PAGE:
LONDON: David Cameron says Britain "will not and should not" turn its back on Europe as it leaves the European Union.

After discussing the vote to leave with other EU leaders, he said trade and security co-operation would be vital whatever the shape of future links.

But he said immigration was a "great concern" among UK voters and squaring this with access to the EU single market would be a "huge challenge".

Germany's Angela Merkel said the EU must "respect the result" of the vote.

But German politicians have insisted the UK cannot "cherry-pick" aspects of the EU.

Earlier on Tuesday, Chancellor Merkel said the UK must accept free movement if it wanted to retain access to the single market.

Merkel said the Brexit vote had been discussed "very intensively and deeply" at the dinner meeting with EU leaders.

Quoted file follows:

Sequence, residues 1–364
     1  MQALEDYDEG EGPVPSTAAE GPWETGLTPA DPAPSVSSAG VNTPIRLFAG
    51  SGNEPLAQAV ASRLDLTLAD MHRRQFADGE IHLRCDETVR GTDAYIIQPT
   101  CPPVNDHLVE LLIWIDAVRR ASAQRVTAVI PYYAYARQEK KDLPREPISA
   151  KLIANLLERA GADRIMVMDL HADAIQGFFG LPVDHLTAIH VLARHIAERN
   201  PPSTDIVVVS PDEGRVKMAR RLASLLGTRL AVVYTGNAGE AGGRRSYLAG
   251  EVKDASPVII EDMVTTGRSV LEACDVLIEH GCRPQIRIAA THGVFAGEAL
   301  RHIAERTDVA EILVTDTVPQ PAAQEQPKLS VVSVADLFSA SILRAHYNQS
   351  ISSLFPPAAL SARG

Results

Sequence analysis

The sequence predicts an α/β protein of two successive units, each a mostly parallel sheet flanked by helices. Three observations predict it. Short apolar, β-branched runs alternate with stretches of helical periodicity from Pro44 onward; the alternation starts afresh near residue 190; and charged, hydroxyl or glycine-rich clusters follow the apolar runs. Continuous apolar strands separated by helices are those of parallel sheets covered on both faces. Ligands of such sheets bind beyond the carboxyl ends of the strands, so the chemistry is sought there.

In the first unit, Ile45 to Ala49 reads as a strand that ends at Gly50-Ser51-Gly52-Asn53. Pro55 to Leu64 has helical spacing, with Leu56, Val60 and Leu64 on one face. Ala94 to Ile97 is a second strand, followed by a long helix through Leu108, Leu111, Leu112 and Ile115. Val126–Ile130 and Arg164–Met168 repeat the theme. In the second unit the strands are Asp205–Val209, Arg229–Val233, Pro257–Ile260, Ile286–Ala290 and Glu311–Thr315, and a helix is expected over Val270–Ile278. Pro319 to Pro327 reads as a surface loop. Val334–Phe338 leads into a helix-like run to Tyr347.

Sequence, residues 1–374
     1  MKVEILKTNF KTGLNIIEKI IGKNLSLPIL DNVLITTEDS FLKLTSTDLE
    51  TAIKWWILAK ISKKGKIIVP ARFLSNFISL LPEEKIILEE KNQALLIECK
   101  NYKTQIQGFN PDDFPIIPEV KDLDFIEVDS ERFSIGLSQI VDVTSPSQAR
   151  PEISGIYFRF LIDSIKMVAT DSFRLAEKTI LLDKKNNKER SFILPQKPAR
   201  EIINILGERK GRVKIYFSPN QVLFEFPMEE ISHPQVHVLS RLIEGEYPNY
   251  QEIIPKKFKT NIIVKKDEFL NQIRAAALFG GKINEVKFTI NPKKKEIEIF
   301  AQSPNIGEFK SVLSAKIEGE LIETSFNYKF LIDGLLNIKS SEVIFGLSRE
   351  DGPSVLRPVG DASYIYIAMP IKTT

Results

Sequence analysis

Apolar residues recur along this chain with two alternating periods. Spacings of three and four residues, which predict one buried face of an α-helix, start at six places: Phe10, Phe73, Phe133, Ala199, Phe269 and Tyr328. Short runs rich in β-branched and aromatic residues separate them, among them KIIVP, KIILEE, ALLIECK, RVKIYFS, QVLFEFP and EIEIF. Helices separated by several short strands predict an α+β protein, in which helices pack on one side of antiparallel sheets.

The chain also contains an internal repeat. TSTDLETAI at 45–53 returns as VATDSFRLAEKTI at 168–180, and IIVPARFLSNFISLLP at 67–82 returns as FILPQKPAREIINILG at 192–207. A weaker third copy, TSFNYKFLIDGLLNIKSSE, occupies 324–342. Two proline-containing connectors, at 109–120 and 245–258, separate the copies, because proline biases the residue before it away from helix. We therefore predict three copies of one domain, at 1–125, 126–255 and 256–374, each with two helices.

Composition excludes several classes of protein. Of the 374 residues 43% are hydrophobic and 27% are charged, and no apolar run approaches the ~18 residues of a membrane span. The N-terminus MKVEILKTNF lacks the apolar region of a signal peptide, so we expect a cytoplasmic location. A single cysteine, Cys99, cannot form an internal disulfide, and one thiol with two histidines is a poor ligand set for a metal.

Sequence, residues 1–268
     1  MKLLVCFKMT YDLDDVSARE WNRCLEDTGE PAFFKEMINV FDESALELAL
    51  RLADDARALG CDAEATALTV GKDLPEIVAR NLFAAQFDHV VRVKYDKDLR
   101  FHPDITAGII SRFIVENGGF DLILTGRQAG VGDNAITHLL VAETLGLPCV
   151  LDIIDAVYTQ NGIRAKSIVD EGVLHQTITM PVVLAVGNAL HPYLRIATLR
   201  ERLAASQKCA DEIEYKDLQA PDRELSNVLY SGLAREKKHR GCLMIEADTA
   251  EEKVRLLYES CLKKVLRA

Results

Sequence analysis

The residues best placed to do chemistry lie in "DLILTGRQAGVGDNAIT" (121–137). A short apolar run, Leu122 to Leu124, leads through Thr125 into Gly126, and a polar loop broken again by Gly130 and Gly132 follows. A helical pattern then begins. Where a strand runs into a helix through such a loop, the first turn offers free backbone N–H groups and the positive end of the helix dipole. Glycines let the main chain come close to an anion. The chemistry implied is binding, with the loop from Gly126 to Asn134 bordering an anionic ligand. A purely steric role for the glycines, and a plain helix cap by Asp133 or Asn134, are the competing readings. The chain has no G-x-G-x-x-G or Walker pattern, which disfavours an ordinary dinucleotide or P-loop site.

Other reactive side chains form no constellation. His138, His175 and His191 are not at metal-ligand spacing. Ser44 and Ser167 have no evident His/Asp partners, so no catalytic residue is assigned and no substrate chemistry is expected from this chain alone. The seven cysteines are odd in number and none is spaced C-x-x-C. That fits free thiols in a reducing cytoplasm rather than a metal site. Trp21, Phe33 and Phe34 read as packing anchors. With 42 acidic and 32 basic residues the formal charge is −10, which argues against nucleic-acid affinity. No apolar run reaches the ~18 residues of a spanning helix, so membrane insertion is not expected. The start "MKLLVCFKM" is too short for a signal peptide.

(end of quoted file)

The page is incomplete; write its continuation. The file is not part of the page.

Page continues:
"We all regretted the result and made clear that the legal procedure must be that the UK invokes Article 50.

"Mr Cameron said he would hand it over to the new government to do... we all agreed that before that point, there can be no formal or informal negotiations."

Merkel said Mr Cameron expressed how he had expected a different result in the referendum, but she added that "We are politicians; we can't spend a long time mourning".

She also said that "Publicly... we can see no way to turn this around. It's not a time for wishful thinking, but of contemplating the reality."

She added that talks would be "on the basis that we expect the representative of the UK to say what idea he has about withdrawing from the EU".

"The request to withdraw will say what sort of relationship the UK wants. But there can be no quasi-negotiations."